Repost: “Progressive Christians” and Yours Truly

progressivexianityI wrote this post in the summer of 2011.  The trend has continued in the succeeding years.  I will write something more current on the issue, but this old posts still stands.

I’ve been noticing lately within Mainline Protestant  circles, the rising use of the word “progressive” as a way to describe Christians who might have once used the term “mainline Protestant.”  The biggest change to note is over at the religion megasite Patheos, which changed the name of one of their religion portals.  What was once called “Mainline Protestant” is now called “Progressive Christian.”  That change has brought about a discussion of the term and there have been some fairly good posts about name change.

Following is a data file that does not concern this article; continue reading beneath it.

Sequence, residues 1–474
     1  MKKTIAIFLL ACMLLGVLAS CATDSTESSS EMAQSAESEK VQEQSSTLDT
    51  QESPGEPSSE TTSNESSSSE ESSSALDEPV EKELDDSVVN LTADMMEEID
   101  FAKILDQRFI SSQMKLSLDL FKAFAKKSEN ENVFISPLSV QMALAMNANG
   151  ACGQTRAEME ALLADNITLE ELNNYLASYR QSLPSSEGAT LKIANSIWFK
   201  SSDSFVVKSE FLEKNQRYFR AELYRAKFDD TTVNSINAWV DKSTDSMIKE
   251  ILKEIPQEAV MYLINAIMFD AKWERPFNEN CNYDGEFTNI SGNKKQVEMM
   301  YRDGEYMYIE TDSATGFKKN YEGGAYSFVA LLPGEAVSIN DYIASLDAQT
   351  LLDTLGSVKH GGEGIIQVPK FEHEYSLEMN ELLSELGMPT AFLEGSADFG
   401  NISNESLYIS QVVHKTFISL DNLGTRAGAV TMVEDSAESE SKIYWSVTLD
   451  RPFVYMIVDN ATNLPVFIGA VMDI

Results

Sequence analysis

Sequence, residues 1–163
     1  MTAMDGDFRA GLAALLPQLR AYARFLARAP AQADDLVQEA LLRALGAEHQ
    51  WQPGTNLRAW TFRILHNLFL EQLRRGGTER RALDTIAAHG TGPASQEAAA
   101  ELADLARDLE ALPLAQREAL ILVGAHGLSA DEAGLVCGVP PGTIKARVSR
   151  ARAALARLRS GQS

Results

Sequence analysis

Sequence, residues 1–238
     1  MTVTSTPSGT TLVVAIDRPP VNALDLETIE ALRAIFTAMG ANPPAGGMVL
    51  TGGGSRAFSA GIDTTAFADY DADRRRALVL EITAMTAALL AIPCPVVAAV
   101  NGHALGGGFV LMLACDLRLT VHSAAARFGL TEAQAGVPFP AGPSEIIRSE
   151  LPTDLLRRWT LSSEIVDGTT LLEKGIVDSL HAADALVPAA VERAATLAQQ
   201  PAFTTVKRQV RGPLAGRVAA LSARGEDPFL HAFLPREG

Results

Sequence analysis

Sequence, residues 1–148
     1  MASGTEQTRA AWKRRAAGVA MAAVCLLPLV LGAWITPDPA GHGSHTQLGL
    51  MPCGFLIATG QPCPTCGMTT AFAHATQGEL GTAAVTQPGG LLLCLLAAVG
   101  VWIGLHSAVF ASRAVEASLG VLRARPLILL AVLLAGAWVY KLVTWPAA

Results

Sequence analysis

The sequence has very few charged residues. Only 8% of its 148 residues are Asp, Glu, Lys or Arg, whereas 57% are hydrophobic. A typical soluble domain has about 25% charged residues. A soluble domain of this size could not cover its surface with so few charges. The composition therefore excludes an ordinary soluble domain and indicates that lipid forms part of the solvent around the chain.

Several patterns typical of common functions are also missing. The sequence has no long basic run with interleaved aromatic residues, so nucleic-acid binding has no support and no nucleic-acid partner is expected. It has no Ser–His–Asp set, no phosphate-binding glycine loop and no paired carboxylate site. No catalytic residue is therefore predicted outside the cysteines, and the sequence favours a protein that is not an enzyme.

That said, I’m also a tad bit wary of the term.

In many ways, I would fit some of the descriptions of being a Progressive Christian.  I have a concern about the poor in our society.  I’m interested in caring for God’s creation.  I believe that gay and lesbian folks (like me) should be included fully in the life of the church.  Scott Paeth has a good description of progressive Christianity that I would probably agree with 70 percent: